My article under the title Musical Battleground is in the arts section of the Christmas issue of The Spectator, out today. It covers the remixing potential of digital media, using the BBC Creative Archive and The Grey Album as examples. Here's an excerpt:
But are the products of this 'remix culture' any good? Though technology has made it almost embarrassingly simple to re-appropriate media in the way that Kurt Schwitters and William Burroughs did more painstakingly, few of the works made with the new tools come near to matching those predecessors. Now that the means to collage and cut-up our news, audio and video are installed in many a suburban living room, the ends of these practices seem to have been shorn of the radical, disruptive credentials that were once claimed for them.
Advocates of a rich digital public domain like to remind us that all great artists draw from the common pool of culture to make their work. But in the drawing and the filtering, the origins are fused together, warped and re-cast. These are resolutely 'analogue' transformations. The trouble with digital content is its obdurate fidelity and the integrity of its bits: even when two tracks are mashed together, they do not lose their identities; you hear first one, then the other, then their collision. You may hear the tracks differently thereafter — as Borges argued a version of Don Quixote reconstituted word-for-word in the 20th century would be different, and richer, than Cervantes' book — but the bits are still the same.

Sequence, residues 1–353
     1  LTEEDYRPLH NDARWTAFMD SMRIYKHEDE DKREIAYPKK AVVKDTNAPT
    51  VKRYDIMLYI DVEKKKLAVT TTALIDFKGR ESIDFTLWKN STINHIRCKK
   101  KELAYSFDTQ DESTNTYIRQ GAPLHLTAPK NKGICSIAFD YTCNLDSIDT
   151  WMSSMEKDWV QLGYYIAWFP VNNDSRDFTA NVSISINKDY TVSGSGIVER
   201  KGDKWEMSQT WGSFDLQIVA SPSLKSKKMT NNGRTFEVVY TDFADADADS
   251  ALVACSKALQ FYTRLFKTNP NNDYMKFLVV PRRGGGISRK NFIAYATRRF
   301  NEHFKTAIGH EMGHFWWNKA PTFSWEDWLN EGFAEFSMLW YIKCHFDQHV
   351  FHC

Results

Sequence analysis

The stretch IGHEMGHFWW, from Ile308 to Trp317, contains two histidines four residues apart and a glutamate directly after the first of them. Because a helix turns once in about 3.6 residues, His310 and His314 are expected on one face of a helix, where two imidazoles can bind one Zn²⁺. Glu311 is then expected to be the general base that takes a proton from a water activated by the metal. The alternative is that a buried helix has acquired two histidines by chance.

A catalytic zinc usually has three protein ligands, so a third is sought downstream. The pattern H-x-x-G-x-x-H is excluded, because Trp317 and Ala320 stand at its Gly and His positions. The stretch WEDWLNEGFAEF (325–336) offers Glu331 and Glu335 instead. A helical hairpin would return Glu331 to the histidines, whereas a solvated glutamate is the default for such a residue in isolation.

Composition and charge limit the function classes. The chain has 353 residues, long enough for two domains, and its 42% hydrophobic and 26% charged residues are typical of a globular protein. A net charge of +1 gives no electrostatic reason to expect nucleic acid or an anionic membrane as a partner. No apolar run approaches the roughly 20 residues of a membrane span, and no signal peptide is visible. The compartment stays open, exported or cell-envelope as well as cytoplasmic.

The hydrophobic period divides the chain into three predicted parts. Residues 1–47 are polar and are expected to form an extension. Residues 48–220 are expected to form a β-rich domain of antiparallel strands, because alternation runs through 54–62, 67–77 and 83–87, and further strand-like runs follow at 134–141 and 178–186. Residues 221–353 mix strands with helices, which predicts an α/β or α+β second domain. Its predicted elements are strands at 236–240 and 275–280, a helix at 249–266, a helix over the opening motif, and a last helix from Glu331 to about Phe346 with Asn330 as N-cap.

You can read the beginning of the article on the Spectator web site, but full online access is subject to a paid subscription — I'm also making it available on request to subscribers to the updates email list for this site (subscribe — free — via the form on this page). [Update, 4 June 02006, the full article is now available as a 64 KB PDF file for download.]
Here are some links to further resources mentioned in the article:
Since the article went to press, the BBC has added a broad selection of news clips to the Creative Archive. Here's the announcement. After natural history and news, the BBC's contribution to the Creative Archive will extend to sports sometime in the next year, and drama after that. The Corporation's archive of music material remained a 'subject of debate' last time I heard.Posted by David Jennings in section(s) BBC, Cultural Calendar, Ideas and Essays, Music and Multimedia on 15 December 02005 | TrackBack